I was going to post this as a comment to @KevinReid's excellent response, but didn't want to hijack all the comment space.
I work with 180vDC motors regularly, and they (and their controllers) always have some sort of grounding. Grounding the motor case is usually sufficient, as what it is mounted into is typically metal and grounded, but extra won't hurt. For larger motors, it is more commonly seen.
120vDC? 90 and 180vDC are common in industry. 120vAC rectified to DC is about 170vDC, so I assume your controller is dropping this appropriately, otherwise the motor would be over-driven by 170/120 = 42% and live a short life.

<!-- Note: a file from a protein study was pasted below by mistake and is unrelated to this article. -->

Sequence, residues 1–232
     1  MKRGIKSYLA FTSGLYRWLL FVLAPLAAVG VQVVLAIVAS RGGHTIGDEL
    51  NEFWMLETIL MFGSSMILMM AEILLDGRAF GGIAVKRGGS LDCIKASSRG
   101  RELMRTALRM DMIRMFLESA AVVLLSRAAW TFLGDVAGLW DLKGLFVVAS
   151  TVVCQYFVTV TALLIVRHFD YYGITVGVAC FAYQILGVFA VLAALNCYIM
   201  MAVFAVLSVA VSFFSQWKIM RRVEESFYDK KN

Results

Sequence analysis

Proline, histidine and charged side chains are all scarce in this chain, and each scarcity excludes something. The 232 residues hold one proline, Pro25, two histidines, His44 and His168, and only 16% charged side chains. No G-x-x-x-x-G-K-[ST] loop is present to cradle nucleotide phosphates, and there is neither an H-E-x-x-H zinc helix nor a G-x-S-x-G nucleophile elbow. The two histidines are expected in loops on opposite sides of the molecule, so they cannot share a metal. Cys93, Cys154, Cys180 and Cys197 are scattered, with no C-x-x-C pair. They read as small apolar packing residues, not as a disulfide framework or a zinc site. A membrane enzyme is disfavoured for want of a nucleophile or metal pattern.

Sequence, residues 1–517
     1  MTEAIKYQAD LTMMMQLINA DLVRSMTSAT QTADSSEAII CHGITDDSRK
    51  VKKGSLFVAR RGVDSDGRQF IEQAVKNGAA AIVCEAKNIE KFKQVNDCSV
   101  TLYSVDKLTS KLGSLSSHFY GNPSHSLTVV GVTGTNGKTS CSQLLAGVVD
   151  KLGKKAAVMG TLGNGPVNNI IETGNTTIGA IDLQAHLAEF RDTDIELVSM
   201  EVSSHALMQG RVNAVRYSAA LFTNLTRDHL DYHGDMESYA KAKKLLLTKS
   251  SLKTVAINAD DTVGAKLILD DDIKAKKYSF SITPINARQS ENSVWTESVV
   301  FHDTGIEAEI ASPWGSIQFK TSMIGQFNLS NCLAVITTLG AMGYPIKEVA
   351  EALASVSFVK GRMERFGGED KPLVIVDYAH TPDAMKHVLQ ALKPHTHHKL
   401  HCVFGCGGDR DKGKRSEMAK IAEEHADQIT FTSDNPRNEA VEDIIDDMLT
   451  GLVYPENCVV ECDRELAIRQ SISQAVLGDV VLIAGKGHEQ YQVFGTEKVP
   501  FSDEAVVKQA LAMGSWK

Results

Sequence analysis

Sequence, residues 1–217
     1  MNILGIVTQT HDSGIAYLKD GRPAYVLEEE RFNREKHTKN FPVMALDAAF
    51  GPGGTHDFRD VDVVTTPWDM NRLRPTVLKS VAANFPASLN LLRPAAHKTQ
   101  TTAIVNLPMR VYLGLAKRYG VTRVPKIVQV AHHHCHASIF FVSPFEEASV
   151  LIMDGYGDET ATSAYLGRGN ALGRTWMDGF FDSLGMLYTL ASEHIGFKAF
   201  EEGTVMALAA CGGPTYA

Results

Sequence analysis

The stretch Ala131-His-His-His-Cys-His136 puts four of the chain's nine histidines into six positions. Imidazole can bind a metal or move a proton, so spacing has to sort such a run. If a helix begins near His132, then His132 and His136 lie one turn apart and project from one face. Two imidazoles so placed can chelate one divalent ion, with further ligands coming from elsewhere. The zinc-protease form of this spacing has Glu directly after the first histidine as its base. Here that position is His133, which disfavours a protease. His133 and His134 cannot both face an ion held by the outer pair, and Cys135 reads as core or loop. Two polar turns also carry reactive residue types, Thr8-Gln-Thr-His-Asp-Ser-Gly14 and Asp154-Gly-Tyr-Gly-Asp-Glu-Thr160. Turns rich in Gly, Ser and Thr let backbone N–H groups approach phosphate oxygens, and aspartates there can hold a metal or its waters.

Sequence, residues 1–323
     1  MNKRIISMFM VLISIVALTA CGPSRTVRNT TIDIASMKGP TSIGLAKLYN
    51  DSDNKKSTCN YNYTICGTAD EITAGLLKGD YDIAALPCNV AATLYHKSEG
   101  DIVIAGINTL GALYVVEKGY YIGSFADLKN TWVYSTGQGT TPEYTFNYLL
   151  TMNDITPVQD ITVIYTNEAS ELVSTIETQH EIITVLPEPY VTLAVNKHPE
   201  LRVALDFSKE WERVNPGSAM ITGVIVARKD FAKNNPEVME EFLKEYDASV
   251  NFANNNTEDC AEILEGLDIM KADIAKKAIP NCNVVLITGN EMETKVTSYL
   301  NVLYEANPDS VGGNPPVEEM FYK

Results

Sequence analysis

The insulation between the brushes and the case, and the windings and case, should be in the mega-ohms range. In fact there is a tester just for this purpose, called a "megger", which measures this isolation. It does this by injecting a high voltage into the wires and measuring how much current flows to ground.
It doesn't happen very often, but if a coil or brush did fail short to ground, the ground path should be able to handle >=150% of rated motor current. If the motor is fused, this will prevent further damage to the motor. But a shorted winding needs re-wound, which is fairly intensive.
You could try a GFCI, but I think this is asking for trouble. As long as the whole lathe is grounded and fused properly, a motor failure shouldn't hurt the operator regardless of whether a GFCI is used.